New opportunities for increasing the renovation rate of buildings
By Manfred Sonnleithner
A Renovation Wave for Europe – greening our buildings, creating jobs, improving lives is the message of the European Commission of 14 October 2020. This initiative was already announced in “The European Green Deal” in December 2019 and confirms the urgency of the issue. With every old building that has not been used or is already in the process of substantial deterioration, the questions arise again and again about the reasons for this situation and why it had got to that point at all. If we then take into account the alarmingly low renovation rates, which have been decreasing for years, we can find definitive confirmation that the existing building fabric has been preserved and renovated only to a rather limited extent and is therefore partly lost to the society.
The European Commission wishes to counter this development with “The European Green Deal” and, in particular, with the “Renovation Wave”. These regulations follow the trends that have been set in recent years. Standards have been raised, technical requirements are more strictly defined and limit values for energy consumption have been further lowered with the aim to increase energy efficiency and to reduce CO2 emissions.
A tested and proven pattern for bridging the past and the future is followed here. This positive statement applies to the quality of remedial measures in the European Union and its member states. However, the renovation rates of existing buildings, which have been low for years, show that the opposite is true with respect to the quantity of renovation projects. The past has shown us that ambitious technical specifications and legal regulations alone might not be the right path to success. Obviously, other factors and parameters are also important, and, so far, they have been given too little consideration.
These previously neglected factors should be identified in the work, together with the reasons for the neglect. Finally, possible solutions should be formulated; however, their focus on certain topics might limit the content-related field of action. Future in-depth discussions and the subsequent implementation of the results in an overall package will increase the chances for legal regulations such as “The European Green Deal” to achieve the ambitious theoretical goals and specifications in practice. An increase in the renovation rate of existing buildings is the quantitatively measurable outcome. Even the ambitious goals and the necessary annual renovation rates of the individual member states for the year of 2050 are thus realistic.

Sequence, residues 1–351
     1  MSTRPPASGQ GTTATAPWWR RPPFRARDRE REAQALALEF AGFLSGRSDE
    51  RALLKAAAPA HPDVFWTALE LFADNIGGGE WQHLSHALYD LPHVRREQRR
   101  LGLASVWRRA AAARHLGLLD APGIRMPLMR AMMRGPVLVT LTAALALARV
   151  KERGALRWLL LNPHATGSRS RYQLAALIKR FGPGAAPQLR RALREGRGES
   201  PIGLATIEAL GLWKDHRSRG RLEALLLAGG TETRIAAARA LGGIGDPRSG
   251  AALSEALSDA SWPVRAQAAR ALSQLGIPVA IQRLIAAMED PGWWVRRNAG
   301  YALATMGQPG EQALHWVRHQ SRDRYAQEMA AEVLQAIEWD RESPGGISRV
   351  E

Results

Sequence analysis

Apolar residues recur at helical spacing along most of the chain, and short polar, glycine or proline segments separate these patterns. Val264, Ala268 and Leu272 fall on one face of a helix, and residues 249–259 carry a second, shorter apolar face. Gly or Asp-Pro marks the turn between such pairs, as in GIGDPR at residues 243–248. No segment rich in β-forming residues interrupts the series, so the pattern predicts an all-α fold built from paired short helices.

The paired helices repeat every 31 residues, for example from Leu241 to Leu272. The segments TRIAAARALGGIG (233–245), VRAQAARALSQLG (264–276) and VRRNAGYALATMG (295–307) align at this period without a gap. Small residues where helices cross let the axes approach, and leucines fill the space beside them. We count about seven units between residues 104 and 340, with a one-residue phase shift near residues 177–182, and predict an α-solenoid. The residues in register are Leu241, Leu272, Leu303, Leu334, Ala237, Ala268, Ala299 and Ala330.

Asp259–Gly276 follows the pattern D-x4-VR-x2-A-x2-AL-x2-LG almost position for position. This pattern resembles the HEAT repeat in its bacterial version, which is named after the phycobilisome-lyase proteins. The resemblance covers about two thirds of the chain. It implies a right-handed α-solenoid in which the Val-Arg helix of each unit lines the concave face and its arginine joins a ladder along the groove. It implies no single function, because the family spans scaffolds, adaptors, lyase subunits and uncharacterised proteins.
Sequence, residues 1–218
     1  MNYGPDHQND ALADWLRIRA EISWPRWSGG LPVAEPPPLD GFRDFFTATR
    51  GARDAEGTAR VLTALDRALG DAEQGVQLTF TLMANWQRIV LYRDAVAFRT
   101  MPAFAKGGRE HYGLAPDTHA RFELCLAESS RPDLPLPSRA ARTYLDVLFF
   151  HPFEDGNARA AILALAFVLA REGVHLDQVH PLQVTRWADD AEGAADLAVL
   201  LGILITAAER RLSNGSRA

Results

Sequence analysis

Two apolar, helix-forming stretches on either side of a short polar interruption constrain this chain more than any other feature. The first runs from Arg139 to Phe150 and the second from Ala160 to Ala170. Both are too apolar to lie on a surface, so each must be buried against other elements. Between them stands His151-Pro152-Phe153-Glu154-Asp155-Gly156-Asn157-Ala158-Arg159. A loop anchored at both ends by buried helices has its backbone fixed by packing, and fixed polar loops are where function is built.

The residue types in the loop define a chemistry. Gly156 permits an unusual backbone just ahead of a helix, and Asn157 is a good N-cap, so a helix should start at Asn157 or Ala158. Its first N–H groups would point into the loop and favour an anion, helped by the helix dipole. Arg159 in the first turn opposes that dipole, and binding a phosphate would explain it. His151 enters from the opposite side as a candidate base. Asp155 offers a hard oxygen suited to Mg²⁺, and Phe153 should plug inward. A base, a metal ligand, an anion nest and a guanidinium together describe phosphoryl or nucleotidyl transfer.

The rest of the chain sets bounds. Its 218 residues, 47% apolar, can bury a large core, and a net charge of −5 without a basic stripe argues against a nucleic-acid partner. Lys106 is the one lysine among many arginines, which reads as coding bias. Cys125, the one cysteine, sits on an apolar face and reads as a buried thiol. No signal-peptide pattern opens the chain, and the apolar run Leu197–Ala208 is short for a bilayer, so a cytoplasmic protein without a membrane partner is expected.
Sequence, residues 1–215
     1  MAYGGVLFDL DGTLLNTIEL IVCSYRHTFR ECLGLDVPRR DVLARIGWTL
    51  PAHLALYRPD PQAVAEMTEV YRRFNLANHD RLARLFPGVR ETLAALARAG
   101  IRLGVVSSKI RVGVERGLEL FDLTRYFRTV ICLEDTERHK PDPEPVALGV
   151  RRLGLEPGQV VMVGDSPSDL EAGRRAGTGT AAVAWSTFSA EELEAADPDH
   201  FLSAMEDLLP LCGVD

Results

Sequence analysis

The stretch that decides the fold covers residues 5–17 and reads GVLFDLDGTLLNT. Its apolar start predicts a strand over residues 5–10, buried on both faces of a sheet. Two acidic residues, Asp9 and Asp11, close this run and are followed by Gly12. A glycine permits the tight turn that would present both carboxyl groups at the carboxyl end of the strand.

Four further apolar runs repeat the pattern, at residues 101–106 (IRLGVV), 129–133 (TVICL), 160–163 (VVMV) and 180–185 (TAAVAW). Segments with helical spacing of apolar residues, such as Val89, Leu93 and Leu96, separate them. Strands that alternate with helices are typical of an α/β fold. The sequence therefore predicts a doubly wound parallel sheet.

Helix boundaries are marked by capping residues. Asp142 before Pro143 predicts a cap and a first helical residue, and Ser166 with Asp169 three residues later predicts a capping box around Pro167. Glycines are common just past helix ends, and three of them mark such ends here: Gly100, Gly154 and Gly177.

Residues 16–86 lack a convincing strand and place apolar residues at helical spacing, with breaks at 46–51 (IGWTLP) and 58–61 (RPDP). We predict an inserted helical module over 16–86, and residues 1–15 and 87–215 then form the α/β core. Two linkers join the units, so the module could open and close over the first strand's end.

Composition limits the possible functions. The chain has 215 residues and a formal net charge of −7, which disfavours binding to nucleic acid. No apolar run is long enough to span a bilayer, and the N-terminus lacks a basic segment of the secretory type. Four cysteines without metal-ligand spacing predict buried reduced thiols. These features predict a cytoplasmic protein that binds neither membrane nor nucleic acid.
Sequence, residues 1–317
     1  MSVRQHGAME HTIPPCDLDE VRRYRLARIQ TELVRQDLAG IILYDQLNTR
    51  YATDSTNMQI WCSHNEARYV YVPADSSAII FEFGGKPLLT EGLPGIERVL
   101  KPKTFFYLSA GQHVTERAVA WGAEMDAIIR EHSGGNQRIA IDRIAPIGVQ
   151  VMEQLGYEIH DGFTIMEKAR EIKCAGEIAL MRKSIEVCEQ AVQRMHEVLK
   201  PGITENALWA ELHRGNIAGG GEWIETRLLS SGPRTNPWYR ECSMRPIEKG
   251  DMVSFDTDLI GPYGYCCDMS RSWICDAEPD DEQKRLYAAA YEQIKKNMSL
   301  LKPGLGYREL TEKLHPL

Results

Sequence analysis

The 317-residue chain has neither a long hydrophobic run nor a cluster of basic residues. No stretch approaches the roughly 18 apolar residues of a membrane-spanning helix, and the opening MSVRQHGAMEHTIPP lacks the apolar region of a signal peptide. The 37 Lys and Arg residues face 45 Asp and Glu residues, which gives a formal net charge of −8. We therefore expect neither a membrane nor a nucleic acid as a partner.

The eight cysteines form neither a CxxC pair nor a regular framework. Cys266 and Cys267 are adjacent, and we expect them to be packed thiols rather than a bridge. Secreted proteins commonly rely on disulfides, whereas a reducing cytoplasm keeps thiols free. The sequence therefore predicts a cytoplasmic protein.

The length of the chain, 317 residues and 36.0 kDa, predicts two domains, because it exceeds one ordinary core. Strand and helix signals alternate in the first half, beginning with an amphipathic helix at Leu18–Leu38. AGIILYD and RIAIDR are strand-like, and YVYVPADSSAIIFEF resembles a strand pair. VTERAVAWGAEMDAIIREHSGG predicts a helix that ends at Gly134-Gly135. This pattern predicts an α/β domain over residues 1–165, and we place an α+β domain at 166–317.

As the first step, approaches have been explored in various areas of interest that may be related to the problem of low renovation rates. This may also be done through the examination of various concrete or potential target conflicts, based on which the actual obstacles can be identified and solutions can be developed. In the first stage of the research, the focal points were determined such as climate-relevant aspects, values of architectural heritage and the identification of the population with the aforesaid heritage, learning from the past and utilization of the knowledge thus gained when dealing with old building fabric.
In these specific areas, various conflicting goals were identified, four of which were selected and examined in more detail: renovation versus new construction, use versus maintenance, user demands versus property-appropriate use and building maintenance versus climate protection.
On the basis of a description of the background to the problem, the first possible solutions were defined. A focused analysis shows that they are based on common principles: the affinity for the irretrievable values of the existing building and its surroundings, a “sensitization” to the complexity of climate and environmental issues as well as the identification of the population with the architectural heritage. It can be assumed that the majority of the population is not aware of the special quality of older buildings and that they have no desire to live in historical buildings. The low renovation rates in the past indicate that in the end neither the financing, nor the legal requirements or any other difficulties are the decisive obstacles hindering a decision to actually implement a building renovation project.
Ultimately, more fundamental reasons related to personal identification and ideology are decisive. The rejection lies partly in the subconscious and trapped subjective resentment, which in turn is based on unresolved questions. These facts are confirmed by the formulated solutions and show the urgency to “sensitize” the population with regard to the values of the architectural heritage and the human and object-related environment. The human factor is also of great importance in relation to the renovation and maintenance of existing buildings and should therefore be given priority from the outset when strategies and legal regulations are developed. Then, not only ambitious programs like the “Renovation Wave for Europe” from “The European Green Deal”, but also small initiatives in regions or town centres can be given a chance to actually achieve their goals, to the benefit of our environment and our architectural heritage.
Contemporary food markets within Budapest’s large housing estates: Factors influencing the design process
By Melinda Benkő, Hlib Antypenko, Anna Kornélia Losonczy
Markets – as physical areas for trading goods and food, and for social interactions – have always played an important role within the urban fabric. Budapest is well-known for its public market halls in the historic city center; however, this paper focuses on three contemporary market projects implemented within large prefabricated housing estates in the outskirts zone.